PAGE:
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Photomicrograph of a feldspathic wacke (sandstone). Top image is in plane polarized light (PPL); bottom image is in cross polarized light (XPL). Blue epoxy fills pore spaces.
Photomicrograph of a lithic wacke (sandstone). Top image is in plane polarized light (PPL); bottom image is in cross polarized light (XPL). Blue epoxy fills pore spaces.

Greywacke or graywacke (German grauwacke, signifying a grey, earthy rock) is a variety of sandstone generally characterized by its hardness, dark color, and poorly sorted angular grains of quartz, feldspar, and small rock fragments or lithic fragments set in a compact, clay-fine matrix. It is a texturally immature sedimentary rock generally found in Paleozoic strata. The larger grains can be sand- to gravel-sized, and matrix materials generally constitute more than 15% of the rock by volume. The term "greywacke" can be confusing, since it can refer to either the immature (rock fragment) aspect of the rock or its fine-grained (clay) component.

The origin of greywacke was unknown until turbidity currents and turbidites were understood, since, according to the normal laws of sedimentation, gravel, sand and mud should not be laid down together. Geologists now attribute its formation to submarine avalanches or strong turbidity currents. These actions churn sediment and cause mixed-sediment slurries, in which the resulting deposits may exhibit a variety of sedimentary features. Supporting the turbidity current origin theory is that deposits of greywacke are found on the edges of the continental shelves, at the bottoms of oceanic trenches, and at the bases of mountain formational areas. They also occur in association with black shales of deep sea origin.

Greywackes are mostly grey, brown, yellow or black, dull-colored sandy rocks which may occur in thick or thin beds along with shales and limestones. They are abundant in Wales, the south of Scotland, the Longford-Down Massif[1] in Ireland and the Lake District National Park of England; they compose the majority of the main alps that make up the backbone of New Zealand; sandstones classified as feldspathic and lithic greywacke have been recognized in Ecca Group in South Africa.[2] They can contain a very great variety of minerals, the principal ones being quartz, orthoclase and plagioclase feldspars, calcite, iron oxides and graphitic, carbonaceous matters, together with (in the coarser kinds) fragments of such rocks as felsite, chert, slate, gneiss, various schists, and quartzite. Among other minerals found in them are biotite, chlorite, tourmaline, epidote, apatite, garnet, hornblende, augite, sphene and pyrites. The cementing material may be siliceous or argillaceous and is sometimes calcareous.

As a rule greywackes do not contain fossils, but organic remains may be common in the finer beds associated with them. Their component particles are usually not very rounded or polished, and the rocks have often been considerably indurated by recrystallization, such as the introduction of interstitial silica. In some districts the greywackes are cleaved, but they show phenomena of this kind much less perfectly than the slates. Some varieties include feldspathic greywacke, which is rich in feldspar, and lithic greywacke, which is rich in tiny rock fragments.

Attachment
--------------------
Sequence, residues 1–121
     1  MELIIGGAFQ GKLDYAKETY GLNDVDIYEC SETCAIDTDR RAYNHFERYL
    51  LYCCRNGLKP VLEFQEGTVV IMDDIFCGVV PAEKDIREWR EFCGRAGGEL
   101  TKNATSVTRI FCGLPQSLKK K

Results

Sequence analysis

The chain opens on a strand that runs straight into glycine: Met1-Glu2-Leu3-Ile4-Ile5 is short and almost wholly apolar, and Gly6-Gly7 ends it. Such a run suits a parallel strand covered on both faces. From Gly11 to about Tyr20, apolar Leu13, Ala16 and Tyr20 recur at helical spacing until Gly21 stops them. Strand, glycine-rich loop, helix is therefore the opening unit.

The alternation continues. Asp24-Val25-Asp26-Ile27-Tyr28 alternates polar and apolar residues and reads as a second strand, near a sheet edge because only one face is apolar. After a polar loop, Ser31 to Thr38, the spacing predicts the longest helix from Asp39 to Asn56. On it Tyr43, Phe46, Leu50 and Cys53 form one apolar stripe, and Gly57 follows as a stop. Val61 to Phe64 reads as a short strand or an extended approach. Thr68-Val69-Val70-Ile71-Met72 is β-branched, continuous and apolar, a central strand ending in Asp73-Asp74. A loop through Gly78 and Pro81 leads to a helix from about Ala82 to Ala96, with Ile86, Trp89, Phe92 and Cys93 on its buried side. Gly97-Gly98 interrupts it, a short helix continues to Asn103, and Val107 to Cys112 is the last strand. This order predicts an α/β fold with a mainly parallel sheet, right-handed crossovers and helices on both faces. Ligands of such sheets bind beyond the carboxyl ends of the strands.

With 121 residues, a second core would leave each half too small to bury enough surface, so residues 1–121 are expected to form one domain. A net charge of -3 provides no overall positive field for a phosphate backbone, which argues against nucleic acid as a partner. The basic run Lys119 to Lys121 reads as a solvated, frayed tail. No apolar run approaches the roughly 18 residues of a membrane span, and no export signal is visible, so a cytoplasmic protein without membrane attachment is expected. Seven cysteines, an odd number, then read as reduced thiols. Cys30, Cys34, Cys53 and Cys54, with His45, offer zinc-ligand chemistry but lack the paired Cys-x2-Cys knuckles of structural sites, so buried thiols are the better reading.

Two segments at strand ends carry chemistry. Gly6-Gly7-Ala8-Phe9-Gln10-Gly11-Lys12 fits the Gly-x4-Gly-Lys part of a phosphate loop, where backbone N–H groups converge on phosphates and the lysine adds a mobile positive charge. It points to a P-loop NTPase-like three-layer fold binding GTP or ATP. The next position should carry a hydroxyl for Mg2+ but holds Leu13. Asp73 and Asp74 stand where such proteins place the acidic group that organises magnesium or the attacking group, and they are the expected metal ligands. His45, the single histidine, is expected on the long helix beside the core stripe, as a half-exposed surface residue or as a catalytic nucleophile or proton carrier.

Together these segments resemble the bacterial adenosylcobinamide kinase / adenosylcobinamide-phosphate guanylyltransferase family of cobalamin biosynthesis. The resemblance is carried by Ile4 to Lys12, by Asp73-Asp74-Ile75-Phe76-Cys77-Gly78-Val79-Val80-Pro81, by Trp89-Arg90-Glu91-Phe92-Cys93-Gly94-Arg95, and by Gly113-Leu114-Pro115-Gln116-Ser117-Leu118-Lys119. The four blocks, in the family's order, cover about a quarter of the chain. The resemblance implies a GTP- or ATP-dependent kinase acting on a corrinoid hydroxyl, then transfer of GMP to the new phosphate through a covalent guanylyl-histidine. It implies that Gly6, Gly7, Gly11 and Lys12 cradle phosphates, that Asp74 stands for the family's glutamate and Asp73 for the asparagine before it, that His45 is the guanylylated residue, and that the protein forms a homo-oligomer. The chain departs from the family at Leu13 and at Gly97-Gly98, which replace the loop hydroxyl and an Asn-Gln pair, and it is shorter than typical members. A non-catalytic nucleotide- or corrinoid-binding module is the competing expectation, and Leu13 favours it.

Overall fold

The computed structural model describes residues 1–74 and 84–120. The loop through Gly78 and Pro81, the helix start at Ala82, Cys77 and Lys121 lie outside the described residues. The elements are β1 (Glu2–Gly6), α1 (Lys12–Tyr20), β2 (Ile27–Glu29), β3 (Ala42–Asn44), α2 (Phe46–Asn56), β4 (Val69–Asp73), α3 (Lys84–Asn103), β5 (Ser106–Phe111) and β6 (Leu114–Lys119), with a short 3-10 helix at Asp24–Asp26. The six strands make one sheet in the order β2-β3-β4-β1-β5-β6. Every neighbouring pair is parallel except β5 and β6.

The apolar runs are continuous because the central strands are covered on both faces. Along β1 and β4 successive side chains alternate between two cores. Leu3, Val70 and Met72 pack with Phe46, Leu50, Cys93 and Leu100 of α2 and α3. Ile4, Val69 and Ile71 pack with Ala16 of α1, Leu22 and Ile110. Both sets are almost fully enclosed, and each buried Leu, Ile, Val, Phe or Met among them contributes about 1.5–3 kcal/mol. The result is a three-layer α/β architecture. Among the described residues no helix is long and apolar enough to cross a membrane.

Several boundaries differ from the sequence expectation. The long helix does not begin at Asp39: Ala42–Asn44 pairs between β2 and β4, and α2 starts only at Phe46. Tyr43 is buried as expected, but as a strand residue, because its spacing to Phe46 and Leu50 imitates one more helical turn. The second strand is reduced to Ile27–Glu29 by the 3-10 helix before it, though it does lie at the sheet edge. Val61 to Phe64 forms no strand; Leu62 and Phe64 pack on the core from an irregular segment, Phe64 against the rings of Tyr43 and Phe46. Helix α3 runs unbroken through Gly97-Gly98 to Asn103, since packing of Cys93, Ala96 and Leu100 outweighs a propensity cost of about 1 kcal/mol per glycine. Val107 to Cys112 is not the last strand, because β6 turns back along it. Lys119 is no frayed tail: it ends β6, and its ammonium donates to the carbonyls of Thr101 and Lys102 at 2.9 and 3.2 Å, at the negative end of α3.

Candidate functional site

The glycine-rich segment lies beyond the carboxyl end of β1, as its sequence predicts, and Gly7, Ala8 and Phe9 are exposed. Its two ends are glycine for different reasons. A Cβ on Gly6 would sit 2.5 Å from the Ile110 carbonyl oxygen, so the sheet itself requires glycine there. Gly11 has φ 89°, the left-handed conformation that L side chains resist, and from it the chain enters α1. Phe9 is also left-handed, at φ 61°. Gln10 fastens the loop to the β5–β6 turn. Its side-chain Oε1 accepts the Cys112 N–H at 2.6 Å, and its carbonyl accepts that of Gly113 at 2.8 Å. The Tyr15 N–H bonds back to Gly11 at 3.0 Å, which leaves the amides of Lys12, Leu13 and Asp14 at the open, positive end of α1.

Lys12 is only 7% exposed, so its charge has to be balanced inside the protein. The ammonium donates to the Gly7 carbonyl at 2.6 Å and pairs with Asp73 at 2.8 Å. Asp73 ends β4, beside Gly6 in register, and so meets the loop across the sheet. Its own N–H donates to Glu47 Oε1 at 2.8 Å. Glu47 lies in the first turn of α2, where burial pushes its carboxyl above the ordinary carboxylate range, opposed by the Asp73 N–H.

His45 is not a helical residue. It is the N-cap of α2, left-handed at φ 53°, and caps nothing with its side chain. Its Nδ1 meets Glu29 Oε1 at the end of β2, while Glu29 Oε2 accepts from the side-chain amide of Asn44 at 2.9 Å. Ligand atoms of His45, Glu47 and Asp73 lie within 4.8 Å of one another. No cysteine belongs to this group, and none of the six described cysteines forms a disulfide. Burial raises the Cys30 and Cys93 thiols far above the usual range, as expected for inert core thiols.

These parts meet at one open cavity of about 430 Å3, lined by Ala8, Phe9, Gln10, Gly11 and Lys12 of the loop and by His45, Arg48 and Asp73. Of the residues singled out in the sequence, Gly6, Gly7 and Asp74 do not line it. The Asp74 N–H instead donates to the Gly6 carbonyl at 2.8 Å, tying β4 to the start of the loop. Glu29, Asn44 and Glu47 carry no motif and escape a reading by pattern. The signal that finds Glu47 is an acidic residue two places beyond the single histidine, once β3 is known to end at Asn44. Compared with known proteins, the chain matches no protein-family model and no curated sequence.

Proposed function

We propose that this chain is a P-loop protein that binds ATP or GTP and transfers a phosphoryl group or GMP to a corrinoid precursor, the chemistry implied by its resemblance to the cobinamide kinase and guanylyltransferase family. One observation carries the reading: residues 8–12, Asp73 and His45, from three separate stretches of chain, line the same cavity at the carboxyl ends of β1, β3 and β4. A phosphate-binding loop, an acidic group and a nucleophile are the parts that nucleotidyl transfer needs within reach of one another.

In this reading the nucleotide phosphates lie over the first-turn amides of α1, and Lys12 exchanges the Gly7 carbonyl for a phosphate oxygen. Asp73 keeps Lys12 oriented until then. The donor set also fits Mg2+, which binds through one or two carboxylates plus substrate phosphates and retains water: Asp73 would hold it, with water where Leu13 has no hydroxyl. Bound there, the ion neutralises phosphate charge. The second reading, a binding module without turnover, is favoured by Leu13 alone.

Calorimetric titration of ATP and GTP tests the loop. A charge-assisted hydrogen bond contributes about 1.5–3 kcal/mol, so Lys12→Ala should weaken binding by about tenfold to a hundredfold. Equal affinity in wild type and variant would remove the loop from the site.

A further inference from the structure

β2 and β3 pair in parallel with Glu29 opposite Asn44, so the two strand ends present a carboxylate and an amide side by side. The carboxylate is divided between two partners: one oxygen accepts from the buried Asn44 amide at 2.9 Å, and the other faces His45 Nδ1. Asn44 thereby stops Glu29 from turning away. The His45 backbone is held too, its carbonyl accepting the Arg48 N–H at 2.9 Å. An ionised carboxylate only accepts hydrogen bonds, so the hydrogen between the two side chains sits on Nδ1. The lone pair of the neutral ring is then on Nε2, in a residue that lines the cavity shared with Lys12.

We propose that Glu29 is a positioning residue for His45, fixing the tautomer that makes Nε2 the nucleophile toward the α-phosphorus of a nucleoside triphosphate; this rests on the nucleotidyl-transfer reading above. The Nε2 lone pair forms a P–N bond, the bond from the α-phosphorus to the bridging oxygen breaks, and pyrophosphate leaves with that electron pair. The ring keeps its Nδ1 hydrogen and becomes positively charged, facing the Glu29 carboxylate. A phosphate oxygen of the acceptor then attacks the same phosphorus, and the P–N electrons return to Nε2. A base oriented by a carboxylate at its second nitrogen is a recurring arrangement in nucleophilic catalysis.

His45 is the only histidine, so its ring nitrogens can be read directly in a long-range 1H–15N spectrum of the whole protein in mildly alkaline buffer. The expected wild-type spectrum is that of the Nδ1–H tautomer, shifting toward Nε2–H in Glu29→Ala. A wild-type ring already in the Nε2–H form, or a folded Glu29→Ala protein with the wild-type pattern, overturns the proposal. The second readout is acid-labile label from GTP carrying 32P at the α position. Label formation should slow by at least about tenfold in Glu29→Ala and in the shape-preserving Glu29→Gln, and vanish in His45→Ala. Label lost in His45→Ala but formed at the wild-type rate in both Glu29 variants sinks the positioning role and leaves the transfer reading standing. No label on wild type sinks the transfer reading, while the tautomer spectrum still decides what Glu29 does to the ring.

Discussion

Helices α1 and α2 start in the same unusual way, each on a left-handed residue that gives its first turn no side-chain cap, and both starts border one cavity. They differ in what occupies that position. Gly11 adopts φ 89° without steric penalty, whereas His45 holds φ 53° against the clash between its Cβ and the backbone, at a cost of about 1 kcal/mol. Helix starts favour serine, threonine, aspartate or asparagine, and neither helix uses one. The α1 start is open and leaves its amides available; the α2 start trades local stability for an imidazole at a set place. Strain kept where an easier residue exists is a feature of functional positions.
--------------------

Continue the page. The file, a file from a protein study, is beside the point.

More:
Although the group is so diverse that it is difficult to characterize mineralogically, it has a well-established place in petrographical classifications because these peculiar composite arenaceous deposits are very frequent among Silurian and Cambrian rocks, and are less common in Mesozoic or Cenozoic strata.[citation needed] Their essential features are their gritty character and their complex composition. By increasing metamorphism, greywackes frequently pass into mica-schists, chloritic schists and sedimentary gneisses.

Role in the history of geology[edit]

Greywacke, a common rock in Britain, was an object of study in Britain where the Geological Society was founded in 1807 and excited much public interest in geology.[3] Greywacke was interesting because it was found in many places in Britain and its occurrence in particular places was evidence of the pattern of geological strata that had been laid down.[4] See The Greywacke: How a Priest, a Soldier and a School Teacher Uncovered 300 Million Years of History. ISBN 1788163788

See also[edit]


  1. ^ "The Geological Heritage of County Longford" (PDF). The County Longford Geological Heritage Project. Retrieved 25 October 2022.
  2. ^ Baiyegunhi, Christopher; Liu, Kuiwu; Gwavava, Oswald (2017-10-28). "Modal composition and tectonic provenance of the sandstones of Ecca Group, Karoo Supergroup in the Eastern Cape Province, South Africa". Open Geosciences. 9 (1): 491–508. Bibcode:2017OGeo....9...38B. doi:10.1515/geo-2017-0038. ISSN 2391-5447.
  3. ^ Bryson, Bill (October 27, 2009). A Short History of Nearly Everything (Kindle ed.). Crown. p. 80. Retrieved July 24, 2022. In 1839, when Roderick Murchison published The Silurian System, a plump and ponderous study of a type of rock called greywacke, it was an instant best seller...
  4. ^ Bryson, Bill. Short History of Nearly Everything (Kindle ed.). Crown. p. 85. Martin J. S. Rudwick's excellent and somber account of the issue, The Great Devonian Controversy.

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